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Peek inside a hand-cranked Civil War submarine

The 150-year-old wreck of the C.S.S. Hunley has been uprighted for the first time since its recovery, which could help solve the mystery of its demise.

The Hunley was designed and named for W.L. Hunley, who died in his vessel the second time it sank while attempting to attack a Union blockade. The third time it succeeded, but then sank for good. U.S. Naval Historical Center

Long before before U-Boats or Red October, the Confederate States of America were fighting bloody battles against the North on foot, on horseback, and with at least one hand-powered submarine. This month, almost 150 years after becoming what the U.S. Navy calls the first submarine in history to successfully attack another vessel--and then promptly and mysteriously sinking to the bottom of Charleston Harbor--one side of the C.S.S. Hunley is finally seeing the light of day again.

The psuedo-steampunk relic was finally found at the bottom of the Atlantic resting on its side at a 45-degree angle about 11 years ago, and it's been in a South Carolina lab, held in the exact same position in slings ever since. Until now. Last week, the Hunley was rotated to an upright position for the first time since Abraham Lincoln was still breathing--how's that for old-school heavy metal?

The view from inside the wreckage of the CSS Hunley. The manual crankshaft can be seen in the center. Friends of the Hunley/Cramer Gallimore

New Clues?
Conservationists and researchers hope the newly exposed section of the hull will provide some clues to why the Hunley sank. They did find some major holes in the hull, but it's not clear if they're what sank the Hunley, or if they're the product of a century and a half of degradation at the bottom of the sea. But as it turns out, the primitive technology inside the Hunley holds some clues to what led to its eventual fate.

Before we try to solve the mystery, here's a look at some key components of the Hunley and its modern counterparts:

&nbspC.S.S. HunleyModern sub
Propulsion:Eight guys on a crankshaftNuclear power
Lighting:Single candleHigh-spec LED
Weapons:Torpedo on a poleLong-range Tomahawk missiles
Hull:Iron boilerHigh-strength steel
Entrance:Size of the center of a tirePlenty of room

More deadly to its own side
Today, nuclear power is the propulsion system of choice for most military subs, but back in the days of the War Between the States, even internal combustion was still a distant dream and most things were powered by sweat or steam. The secret submersible warship C.S.S. Hunley may have been made from a converted boiler, but it was pure elbow grease that made its propeller turn.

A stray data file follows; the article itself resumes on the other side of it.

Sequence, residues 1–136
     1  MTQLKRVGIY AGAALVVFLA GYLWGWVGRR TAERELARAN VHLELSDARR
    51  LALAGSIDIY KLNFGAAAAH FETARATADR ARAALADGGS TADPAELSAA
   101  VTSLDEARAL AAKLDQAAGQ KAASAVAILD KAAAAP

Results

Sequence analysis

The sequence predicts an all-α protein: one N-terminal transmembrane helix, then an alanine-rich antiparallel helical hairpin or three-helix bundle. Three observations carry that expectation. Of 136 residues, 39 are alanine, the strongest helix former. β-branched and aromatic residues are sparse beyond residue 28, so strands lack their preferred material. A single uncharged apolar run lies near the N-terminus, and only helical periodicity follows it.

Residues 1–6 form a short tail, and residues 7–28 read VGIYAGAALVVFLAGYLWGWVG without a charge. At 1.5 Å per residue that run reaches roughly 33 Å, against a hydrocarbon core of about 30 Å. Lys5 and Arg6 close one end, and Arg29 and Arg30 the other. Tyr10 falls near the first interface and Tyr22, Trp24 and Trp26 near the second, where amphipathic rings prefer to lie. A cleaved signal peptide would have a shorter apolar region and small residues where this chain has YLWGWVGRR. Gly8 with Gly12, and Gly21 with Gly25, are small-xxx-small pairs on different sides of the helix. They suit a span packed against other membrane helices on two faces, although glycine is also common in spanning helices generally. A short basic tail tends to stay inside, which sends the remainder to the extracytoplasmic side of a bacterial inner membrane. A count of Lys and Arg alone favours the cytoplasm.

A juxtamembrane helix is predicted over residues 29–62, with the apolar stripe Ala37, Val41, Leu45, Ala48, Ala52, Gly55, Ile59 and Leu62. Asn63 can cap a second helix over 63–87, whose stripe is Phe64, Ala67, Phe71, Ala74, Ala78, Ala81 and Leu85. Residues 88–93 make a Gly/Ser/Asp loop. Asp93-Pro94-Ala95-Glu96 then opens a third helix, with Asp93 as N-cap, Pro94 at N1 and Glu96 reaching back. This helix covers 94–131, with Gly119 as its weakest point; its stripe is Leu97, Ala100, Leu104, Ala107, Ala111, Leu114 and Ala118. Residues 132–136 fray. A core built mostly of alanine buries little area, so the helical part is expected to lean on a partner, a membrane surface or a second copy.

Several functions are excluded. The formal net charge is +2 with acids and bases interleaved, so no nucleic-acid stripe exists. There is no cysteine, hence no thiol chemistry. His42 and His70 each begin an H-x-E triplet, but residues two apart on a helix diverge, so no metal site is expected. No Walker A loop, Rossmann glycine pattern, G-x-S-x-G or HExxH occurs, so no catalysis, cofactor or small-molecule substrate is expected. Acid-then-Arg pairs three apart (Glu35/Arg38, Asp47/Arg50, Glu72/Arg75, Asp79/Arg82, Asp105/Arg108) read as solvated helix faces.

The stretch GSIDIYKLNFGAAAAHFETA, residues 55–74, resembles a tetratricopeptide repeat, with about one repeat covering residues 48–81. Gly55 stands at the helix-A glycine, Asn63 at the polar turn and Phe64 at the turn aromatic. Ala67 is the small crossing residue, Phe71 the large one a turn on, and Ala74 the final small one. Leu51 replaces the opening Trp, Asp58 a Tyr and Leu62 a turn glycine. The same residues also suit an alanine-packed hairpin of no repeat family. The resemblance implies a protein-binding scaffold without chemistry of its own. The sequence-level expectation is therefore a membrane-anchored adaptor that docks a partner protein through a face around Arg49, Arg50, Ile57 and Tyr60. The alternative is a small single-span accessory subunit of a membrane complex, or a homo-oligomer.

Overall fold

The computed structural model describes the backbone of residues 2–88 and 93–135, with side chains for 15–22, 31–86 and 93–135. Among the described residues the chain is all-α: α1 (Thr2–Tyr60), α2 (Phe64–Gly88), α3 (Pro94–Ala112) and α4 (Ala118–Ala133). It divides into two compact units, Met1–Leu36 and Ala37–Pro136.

In fact, it wasn't just the propeller that was hand-cranked--ballast water was also pumped in and out manually to make the Hunley dive or head for the surface. That's an awful lot of hand-pumping left to a tiny, apprehensive, and cramped crew with little room for error, which is perhaps why the first two times the Hunley attempted to attack the Union's naval blockade of Charleston, it promptly sank, killing everyone aboard.

Launched long before the dawn of internal combustion, the Hunley relied instead on internal exhaustion on the part of the crew. U.S. Naval Historical Center

Yet somehow a team was recruited for a third try. This time the Hunley succeeded in ramming the USS Housatonic, and detonating the resulting torpedo lodged in her hull. Both vessels ended up at the bottom of Charleston Harbor, but the Hunley was stuck so deep in the mud that it was not discovered until 2000 by a team led by author Clive Cussler. Interestingly, the bodies of the crew appeared to be at their stations as if nothing had happened, and studies show they died of lack of oxygen rather than drowning.

Tech or human fail?
So the mystery of what downed the Hunley for more than a century could be technology-related--the failed plan to tether a long detonation cord before blowing up the torpedo could have done the crew in with the strong concussion of the blast, or there may have been a simple miscalculation related to the distance to safety that left the crew pumping away until they simply ran out of air.

Now that the Hunley is upright once again, perhaps the mystery will be solved. More importantly, perhaps any insights gleaned will help those pedal-powered hovercrafts seem less crazy.

The Hunley was finally recovered in 2000. U.S. Naval Historical Center